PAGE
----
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Soccer School with Coach Kyle: Mastering the Basics

Soccer Ball

Welcome to Coach Kyle’s offseason soccer lessons! While we wait for the Loons to return to action, we feel it’s the perfect time for yours truly to put a few nuggets of wisdom out onto the internet.

To be totally honest, my bosses just needed to find something for me to do around here during the offseason, and I needed something to scratch my coaching itch because the U11 team I’m in charge of has apparently received enough of my “wisdom” to completely tune me out. So here I am, trying to look busy and hoping that someone wants to listen to my lessons. Whether you learn anything or not, please keep reading so they don’t realize they don’t need me around here.

I’m starting with basic techniques today, but if they keep me around, I’m planning to venture deeper into some of the nuances of the sport. Why do we call it the beautiful game? What’s the best style to play? Why are the players doing that? What the heck is going on? Keep me employed if you want to find out the answers to those questions! For now, let’s whet your appetite with some passing, dribbling, and shooting mechanics.


In my opinion, there is no skill as crucial as your ability to identify and deliver a good pass. Everyone has had a coach demonstrate how a well-kicked ball moves faster than even the quickest player, teaching us that the best way to score is by moving the ball between teammates quickly and efficiently. While there are many types of passes that require slight modifications to form, I’ll just cover the basic ground pass today.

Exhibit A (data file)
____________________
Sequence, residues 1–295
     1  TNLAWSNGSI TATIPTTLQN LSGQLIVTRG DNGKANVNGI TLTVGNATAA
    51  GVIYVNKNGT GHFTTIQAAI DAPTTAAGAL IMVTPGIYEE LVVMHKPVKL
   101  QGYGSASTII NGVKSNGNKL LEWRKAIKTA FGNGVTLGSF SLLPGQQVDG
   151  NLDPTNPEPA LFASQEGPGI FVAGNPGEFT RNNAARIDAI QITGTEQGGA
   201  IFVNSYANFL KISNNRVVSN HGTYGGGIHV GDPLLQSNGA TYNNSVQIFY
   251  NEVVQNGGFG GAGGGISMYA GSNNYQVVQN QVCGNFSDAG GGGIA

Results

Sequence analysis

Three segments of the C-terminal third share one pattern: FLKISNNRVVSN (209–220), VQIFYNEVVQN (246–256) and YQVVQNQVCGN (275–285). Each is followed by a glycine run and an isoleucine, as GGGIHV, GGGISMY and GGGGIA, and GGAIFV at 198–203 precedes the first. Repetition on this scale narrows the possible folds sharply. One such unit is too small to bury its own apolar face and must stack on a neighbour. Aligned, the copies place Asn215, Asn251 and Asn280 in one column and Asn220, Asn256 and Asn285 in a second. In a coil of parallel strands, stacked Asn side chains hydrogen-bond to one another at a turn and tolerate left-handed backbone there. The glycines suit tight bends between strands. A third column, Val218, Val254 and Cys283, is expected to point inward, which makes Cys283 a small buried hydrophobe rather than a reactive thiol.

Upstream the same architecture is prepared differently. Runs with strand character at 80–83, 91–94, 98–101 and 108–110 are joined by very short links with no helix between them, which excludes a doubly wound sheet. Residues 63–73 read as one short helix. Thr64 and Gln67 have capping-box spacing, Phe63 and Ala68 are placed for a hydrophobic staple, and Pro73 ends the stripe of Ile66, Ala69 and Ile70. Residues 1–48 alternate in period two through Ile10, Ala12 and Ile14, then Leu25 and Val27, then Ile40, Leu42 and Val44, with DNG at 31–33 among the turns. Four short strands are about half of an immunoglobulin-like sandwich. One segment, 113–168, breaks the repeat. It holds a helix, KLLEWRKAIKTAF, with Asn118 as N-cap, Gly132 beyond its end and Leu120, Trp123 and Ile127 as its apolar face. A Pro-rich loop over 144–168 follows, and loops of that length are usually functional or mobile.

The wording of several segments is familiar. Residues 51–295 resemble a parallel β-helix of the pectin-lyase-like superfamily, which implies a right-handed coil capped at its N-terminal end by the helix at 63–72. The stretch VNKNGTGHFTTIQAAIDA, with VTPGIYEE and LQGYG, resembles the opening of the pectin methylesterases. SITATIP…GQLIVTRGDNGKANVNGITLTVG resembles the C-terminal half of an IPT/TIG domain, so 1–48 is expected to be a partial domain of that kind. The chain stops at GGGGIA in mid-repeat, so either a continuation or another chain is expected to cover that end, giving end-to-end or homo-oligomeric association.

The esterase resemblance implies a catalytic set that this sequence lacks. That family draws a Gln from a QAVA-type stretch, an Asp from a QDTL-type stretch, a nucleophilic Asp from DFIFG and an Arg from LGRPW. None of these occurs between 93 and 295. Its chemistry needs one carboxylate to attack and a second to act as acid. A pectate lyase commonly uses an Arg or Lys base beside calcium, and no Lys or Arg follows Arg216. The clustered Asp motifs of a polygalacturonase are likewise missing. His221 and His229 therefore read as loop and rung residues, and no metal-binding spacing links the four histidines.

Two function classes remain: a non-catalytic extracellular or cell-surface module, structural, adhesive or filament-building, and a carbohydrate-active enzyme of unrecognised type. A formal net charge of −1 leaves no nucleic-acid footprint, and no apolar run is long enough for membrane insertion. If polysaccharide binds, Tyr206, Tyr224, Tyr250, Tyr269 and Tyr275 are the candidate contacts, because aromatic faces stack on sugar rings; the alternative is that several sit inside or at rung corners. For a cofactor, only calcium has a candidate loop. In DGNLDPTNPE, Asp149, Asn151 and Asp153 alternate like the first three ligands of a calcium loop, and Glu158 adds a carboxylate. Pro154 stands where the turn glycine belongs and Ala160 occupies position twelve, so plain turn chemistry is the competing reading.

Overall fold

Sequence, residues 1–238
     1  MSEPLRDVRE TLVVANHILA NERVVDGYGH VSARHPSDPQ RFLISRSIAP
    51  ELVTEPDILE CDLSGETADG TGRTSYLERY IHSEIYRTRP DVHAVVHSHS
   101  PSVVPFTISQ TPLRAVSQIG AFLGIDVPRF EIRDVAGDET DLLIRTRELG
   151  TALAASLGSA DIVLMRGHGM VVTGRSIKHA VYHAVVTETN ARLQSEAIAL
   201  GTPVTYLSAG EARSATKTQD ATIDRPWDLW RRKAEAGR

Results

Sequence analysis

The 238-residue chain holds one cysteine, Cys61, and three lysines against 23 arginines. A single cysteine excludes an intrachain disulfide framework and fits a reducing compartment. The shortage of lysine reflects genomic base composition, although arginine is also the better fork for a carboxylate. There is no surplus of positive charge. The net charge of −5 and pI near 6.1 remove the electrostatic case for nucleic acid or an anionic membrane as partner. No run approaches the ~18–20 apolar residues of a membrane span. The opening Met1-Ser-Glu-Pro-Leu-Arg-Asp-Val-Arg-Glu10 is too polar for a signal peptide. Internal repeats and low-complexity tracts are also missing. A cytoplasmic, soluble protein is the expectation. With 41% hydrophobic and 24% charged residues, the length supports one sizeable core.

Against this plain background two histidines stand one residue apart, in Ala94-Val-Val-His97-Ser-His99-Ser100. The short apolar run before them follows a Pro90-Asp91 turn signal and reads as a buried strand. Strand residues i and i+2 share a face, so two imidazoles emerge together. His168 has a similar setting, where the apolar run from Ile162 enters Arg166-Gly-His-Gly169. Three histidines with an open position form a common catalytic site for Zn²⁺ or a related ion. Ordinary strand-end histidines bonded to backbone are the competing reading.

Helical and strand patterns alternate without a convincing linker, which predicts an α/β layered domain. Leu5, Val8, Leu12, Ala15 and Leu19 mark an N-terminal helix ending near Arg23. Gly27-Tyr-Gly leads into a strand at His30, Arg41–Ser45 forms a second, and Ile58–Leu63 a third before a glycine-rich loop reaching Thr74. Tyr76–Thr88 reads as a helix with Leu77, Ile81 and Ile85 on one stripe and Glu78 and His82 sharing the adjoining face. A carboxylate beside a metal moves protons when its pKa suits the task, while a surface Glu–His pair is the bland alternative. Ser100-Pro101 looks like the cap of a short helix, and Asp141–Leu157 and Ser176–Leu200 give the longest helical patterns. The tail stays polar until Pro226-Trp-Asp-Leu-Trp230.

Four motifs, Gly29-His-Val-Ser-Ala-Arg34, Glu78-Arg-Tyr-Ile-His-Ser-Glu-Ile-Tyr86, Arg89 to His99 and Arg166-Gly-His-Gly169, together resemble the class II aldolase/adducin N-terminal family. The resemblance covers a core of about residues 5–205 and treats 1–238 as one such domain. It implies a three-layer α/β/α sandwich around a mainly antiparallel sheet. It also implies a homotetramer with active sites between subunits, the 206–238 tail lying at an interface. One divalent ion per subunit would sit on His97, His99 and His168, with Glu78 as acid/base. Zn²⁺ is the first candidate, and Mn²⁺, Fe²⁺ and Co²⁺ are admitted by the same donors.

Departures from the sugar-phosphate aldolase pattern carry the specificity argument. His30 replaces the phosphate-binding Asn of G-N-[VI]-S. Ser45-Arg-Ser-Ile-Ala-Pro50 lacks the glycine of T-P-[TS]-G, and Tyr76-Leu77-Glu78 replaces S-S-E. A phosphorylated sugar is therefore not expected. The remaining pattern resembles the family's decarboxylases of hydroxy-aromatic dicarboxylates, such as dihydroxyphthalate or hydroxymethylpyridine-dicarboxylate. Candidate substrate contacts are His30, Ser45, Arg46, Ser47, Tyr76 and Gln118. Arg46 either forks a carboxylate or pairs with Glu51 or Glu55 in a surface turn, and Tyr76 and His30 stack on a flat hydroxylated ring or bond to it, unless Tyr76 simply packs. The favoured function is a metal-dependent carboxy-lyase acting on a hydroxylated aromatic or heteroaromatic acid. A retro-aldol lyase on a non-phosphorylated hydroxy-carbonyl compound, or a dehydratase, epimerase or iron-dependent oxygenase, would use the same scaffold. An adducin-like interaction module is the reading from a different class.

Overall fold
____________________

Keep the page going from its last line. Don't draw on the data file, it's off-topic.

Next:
Let’s start by striking the ball with the inside of your foot. This is the widest part of the foot, giving you more control and enabling you to make crisp, accurate passes. You’ll want to make contact in the center of the ball; that way, you aren’t smashing your pass into the ground or popping it up into the air.

In order to strike your pass well, you’re going to need to position your body properly. Make sure you plant your non-passing foot next to the ball, pointing in the direction that you want to go. This will guide your passing leg as you find your teammate. The best passes are made while leaning over the ball slightly, putting your center of gravity over your strike, and giving you the balance necessary to get perfect contact.

Passing is essential, but it’s useless if you can’t control it. Receiving the ball is all about matching and absorbing the ball’s momentum, cushioning it just enough to make it more manageable. The best way to practice this is by passing with a teammate, or, in a pinch, by finding a nice wall to bounce some passes off of. Juggling is another great way to get comfortable, and all you need is a ball.


Dribbling is widely regarded as the most exciting skill in the entire game, offering players the easiest method of self-expression on the field. Throw some step-overs and a few flicks into your bag of tricks, and you’ll have people oohing and aahing in no time. But before you get that far, you need to master the basics and get comfortable with the ball at your feet.